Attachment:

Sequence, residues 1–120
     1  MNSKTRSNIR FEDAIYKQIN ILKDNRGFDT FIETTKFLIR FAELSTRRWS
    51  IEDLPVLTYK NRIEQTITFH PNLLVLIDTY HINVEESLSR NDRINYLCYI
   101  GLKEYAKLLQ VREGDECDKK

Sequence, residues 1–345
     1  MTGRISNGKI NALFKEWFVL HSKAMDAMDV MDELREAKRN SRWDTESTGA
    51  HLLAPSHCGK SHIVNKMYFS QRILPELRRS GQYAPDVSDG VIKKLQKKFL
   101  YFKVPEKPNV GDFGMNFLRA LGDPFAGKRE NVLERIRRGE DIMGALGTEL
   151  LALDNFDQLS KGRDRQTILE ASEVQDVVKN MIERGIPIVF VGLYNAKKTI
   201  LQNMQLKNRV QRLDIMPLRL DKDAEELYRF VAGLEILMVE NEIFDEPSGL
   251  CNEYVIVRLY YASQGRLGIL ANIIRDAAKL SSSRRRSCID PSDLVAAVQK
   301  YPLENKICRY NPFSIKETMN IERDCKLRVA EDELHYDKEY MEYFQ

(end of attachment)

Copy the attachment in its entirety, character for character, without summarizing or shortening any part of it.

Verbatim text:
Sequence, residues 1–120
     1  MNSKTRSNIR FEDAIYKQIN ILKDNRGFDT FIETTKFLIR FAELSTRRWS
    51  IEDLPVLTYK NRIEQTITFH PNLLVLIDTY HINVEESLSR NDRINYLCYI
   101  GLKEYAKLLQ VREGDECDKK

Sequence, residues 1–345
     1  MTGRISNGKI NALFKEWFVL HSKAMDAMDV MDELREAKRN SRWDTESTGA
    51  HLLAPSHCGK SHIVNKMYFS QRILPELRRS GQYAPDVSDG VIKKLQKKFL
   101  YFKVPEKPNV GDFGMNFLRA LGDPFAGKRE NVLERIRRGE DIMGALGTEL
   151  LALDNFDQLS KGRDRQTILE ASEVQDVVKN MIERGIPIVF VGLYNAKKTI
   201  LQNMQLKNRV QRLDIMPLRL DKDAEELYRF VAGLEILMVE NEIFDEPSGL
   251  CNEYVIVRLY YASQGRLGIL ANIIRDAAKL SSSRRRSCID PSDLVAAVQK
   301  YPLENKICRY NPFSIKETMN IERDCKLRVA EDELHYDKEY MEYFQ